5 Fad Diets That Failed
Every year a host of diets hit the market that promise consumers what has yet to be seen: lasting and effective results. As our country's waste line expands it seems that, in equal measure, so does are appetite for quick fix diet schemes that promise huge results without a lot of effort. This isn't a new trend and, in fact, fad approaches have been around for a long time. But, as always, they results that these programs promise fall far short when in comes to results and most often have disastrous effects on our health and well-being. Here's a list of five current fad diets that just don't work.
The Detox Plan:
This has been around for a few years but has held on to its popularity. In theory, this plan promises users that they'll lose weight when cleaning out your body. Through the use of liquid concoctions that are usually made from various and bizarre mixes. When ends up happening though has been shown to have lackluster results. There's been, to date, no substantial evidence that's supported the approach of purging your intestines of “toxins.” It makes you loose weight because you're shifting to a liquid diet but as soon as the participant eats solid food again, the weight comes right back on. You can get the same result from eating a high-fiber diet without going off of solid food.
The Snack Pack Diet:
We've seen a lot of ads for companies that are putting out 100-calorie snack packs that are designed to limit the damage from incessant snacking. Though the dozens of low calorie snacks on the market offer a less fattening alternative, too many people are treating them as an alternative to food altogether. Supplementing your dietary needs through the use of vigorously withholding necessary nutrients isn't going to help your body. Getting a well balanced diet while implanting portion control is far more effective than munching down on a low-calorie portion of Cheetos or Oreos.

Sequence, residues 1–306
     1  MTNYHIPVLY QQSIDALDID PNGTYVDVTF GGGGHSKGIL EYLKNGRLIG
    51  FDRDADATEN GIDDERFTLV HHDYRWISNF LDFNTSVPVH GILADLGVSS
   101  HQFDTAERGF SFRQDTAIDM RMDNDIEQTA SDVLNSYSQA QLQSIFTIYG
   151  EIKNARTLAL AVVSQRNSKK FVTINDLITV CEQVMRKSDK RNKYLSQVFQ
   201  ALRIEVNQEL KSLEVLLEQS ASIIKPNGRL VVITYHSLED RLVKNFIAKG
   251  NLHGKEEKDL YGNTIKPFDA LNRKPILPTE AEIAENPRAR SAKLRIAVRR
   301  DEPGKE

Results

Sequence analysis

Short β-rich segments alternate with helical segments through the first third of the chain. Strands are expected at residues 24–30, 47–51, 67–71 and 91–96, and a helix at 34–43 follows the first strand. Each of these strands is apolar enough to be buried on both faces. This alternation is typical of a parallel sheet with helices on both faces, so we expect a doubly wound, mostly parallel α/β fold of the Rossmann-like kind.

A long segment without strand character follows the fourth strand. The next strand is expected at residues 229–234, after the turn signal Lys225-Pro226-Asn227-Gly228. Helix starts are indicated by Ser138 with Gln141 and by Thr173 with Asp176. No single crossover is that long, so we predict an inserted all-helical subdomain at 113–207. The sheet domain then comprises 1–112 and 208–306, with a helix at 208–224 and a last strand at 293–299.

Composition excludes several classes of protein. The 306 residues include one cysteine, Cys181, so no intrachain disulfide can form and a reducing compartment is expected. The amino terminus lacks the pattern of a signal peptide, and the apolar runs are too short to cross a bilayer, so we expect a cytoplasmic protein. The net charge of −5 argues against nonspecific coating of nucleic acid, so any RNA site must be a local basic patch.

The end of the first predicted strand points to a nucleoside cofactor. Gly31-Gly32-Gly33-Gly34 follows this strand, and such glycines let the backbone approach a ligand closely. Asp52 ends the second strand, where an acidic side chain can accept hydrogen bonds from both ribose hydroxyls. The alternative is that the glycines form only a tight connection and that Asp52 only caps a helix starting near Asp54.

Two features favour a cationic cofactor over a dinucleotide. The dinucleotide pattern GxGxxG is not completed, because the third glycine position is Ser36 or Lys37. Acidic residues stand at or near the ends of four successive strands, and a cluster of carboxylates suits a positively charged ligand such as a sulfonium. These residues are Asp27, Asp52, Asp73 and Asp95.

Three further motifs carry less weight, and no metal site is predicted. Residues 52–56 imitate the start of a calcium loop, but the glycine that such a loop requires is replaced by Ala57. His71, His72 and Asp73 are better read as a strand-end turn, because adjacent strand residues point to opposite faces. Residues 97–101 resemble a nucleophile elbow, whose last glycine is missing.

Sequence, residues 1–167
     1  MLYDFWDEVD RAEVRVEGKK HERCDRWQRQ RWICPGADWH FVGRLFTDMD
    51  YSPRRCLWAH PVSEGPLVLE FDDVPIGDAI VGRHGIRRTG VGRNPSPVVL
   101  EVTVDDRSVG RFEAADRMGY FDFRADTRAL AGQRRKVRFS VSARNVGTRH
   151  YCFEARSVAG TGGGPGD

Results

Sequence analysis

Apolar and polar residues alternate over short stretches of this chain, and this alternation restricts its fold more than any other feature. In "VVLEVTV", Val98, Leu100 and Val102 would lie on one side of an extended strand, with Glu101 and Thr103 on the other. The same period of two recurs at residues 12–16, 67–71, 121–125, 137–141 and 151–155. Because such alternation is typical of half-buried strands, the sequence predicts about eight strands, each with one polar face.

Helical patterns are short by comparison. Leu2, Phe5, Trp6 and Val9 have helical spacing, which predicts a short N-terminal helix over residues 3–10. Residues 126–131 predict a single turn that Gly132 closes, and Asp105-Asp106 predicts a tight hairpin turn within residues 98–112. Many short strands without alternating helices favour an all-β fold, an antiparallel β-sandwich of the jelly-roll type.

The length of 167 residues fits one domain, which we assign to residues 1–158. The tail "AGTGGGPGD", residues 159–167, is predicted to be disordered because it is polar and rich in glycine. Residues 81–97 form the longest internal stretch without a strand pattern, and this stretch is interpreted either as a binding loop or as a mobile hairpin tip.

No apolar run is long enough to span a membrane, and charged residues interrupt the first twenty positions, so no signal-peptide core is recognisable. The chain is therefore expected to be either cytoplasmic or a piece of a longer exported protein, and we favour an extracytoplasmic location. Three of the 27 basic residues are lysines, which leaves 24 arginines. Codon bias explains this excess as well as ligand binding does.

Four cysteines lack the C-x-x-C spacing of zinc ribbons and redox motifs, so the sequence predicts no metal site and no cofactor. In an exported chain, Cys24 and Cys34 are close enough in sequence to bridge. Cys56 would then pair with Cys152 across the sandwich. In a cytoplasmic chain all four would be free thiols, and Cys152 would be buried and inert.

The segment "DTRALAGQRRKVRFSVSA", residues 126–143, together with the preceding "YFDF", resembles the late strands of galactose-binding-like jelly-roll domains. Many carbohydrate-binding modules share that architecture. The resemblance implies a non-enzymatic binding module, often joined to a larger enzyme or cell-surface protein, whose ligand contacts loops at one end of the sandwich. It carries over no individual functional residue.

The Twinkie Diet:
This was a diet craze that hit the market years ago and, as preposterous as it sounds, it was very popular. It was all about counting calories so you could eat as many Twinkies as you wanted just so long as your daily caloric intake was under the limit. Although calories do count, what you're getting from some of those calories is really important and if you're eating nothing but junk calories, then that's all you're putting into your body.
The HCG Diet:
This is a current phenomenon that many women are using. In practice, for 26 days, while only eating 5 to 7 hundred calories a day, you take hormones that are naturally produced in women during a pregnancy. It's had a lot of backlash given that the diet insists that the participant abstains from any exercise. In conjunction with the hormones and minute caloric intake, the body jumpstarts its metabolism and cause massive weight loss. Now the results are real but the damage to the kidneys and other organs have made this diet very unpopular among health officials that underscore that there's no substitute for a healthy regiment of food and exercise.
The Atkins Diet:
This was a craze that galvanized the nation and led many restaurants to offer Atkins-friendly options in order to placate an interested public. By taking out all carbs, participants could eat what ever they wanted so long as it had no carbs in it. The result was that people lost weight but they were doing long-term damage to their body. Through introducing far to much fat and other harmful foods into their intake, many people were seeing an increased risk of heart attacks.
Fad diets will always be around so long as there's a weight problem. In the west, there's a prevailing notion that somehow there's going to be a magic bullet for weight loss that's all contained within a single pill or system. People seem to be a fickle breed and will believe anything but there's a reason why exercise and potion control have always proven to be the most effective way of combating obesity.